It would be difficult to envisage a least appropriate person than Tony Blair for a recipient of a humanitarian award from Save the Children.

The illegal war in Iraq is just for starters. The country has been torn apart.

This is a man who hobnobs with some of the world’s worst dictators and corrupt politicians, sleaze does not begin to describe Tony Blair, Silvio Berlusconi and Hosni Mubarak count as his cronies.

His latest has been to advise brutal ruler of Kazakhstan Nursultan Nazarbayev how to sanitize human rights abuses and killing of unarmed protesters, for a retainer of £7 million a year.

He has also advised Al Sisi whose fingers are dripping with the blood of tortured and murdered innocent protesters.

Prior to being toppled from power, Tony Blair backed Hosni Mubarak in his crackdown on the pro-democracy demonstrators gathered in Tahrir Square.

He has acted for a Saudi oil company in a secret deal which promised him £41,000 a month and a cut in successful negotiations. The contract between Tony Blair Associates and PetroSaudi signed in November 2010, said Tony Blair would personally arrange introductions to his contacts in China, such as senior politicians. Saudi Arabia has an appalling human rights record.

He has quashed a Serious Fraud Office investigation.

Staff at Save the Children have expressed their revulsion.

Nearly 118,000 people have signed a petition calling for Tony Blair to be stripped of this award.

The internal e-mail from Jasmine Whitbread simply indicates how out of touch is Save the Children.

She was not even aware of the award until the shit hit the fan.

She is concerned at the damage to the save the Children brand. What is it, a Mars bar?

Sadly there have also been leaks of internal emails to the media.

Concern seems more to be on image, than substance, that a risk assessment did not take place.

How can Jasmine Whitbread not know what was going on, she is the chief executive? And even now, she fails to understand how toxic Tony Blair.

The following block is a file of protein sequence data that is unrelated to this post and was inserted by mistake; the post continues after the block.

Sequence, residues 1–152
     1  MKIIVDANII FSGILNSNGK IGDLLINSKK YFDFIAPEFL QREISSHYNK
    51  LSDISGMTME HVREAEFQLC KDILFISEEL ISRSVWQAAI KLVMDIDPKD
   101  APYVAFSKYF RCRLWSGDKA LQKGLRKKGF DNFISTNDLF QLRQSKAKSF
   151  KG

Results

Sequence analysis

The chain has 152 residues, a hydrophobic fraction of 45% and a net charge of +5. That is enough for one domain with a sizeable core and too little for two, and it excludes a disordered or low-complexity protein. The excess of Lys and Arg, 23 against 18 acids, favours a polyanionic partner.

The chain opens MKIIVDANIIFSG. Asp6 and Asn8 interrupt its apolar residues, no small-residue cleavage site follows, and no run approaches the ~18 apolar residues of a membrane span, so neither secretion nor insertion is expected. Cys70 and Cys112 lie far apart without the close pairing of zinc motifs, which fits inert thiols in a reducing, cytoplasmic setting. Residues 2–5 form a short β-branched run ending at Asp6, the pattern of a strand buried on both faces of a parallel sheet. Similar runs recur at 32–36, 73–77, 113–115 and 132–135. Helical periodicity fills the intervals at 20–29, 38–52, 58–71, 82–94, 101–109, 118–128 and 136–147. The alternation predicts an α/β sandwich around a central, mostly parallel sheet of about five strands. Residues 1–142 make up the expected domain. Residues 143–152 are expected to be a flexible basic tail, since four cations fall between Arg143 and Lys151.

Urgently, right now, a team is trying hard to contain the situation.

Containment, image management, a team devoted to the task.

While I can’t pretend I’m not very concerned about this situation, I’m confident that we can pull together to come out of it in a better place.

The impression given, is that she just does not get it. The emphasis is on brand, image, containment.

Why not simply admit you got it wrong, and strip Tony Blair of the award?

Her e-mail would have done George Orwell proud.

From my conversation with Save the Children staff, they have a little more integrity than Jasmine Whitbread.

And whist we are stripping the award from Tony Blair, let us have a purge of his cronies who seem to have a stranglehold on Save the Children.

The award has raised serious questions about Save the Children’s integrity and independence because of close links between Tony Blair and senior people at Save the Children.

Its UK chief executive, Justin Forsyth, was a special adviser to Blair for three years, and Jonathan Powell, Blair’s former chief of staff, is currently on the board of Save the Children.

Save the Children was attacked last year when it was learnt Justin Forsyth was paid £163,000 a year, including more than £22,000 in performance-related pay. He has since taken a pay cut to £140,000.

It is the same old story, advisers and politicians, leave politics, nice little earners on the board of quangos and NGOs, the political-media establishment, revolving door, jobs for the boys, you look after my interest, I will look after yours.

What next from Save the Children, a special posthumous Christmas humanitarian award to King Herod? Or maybe an award to war criminal Benjamin Netanyahu for his humanitarian work in Gaza?

The latest scandal to hit Save the Children, a hospital built in Sierra Leone with British aid money to treat Ebola victims, of 80 beds, only 14 are occupied. It has entered an area, which requires expertise that Save the Children lacks. The money would have been better directed to Médecins Sans Frontières‎ who have the expertise.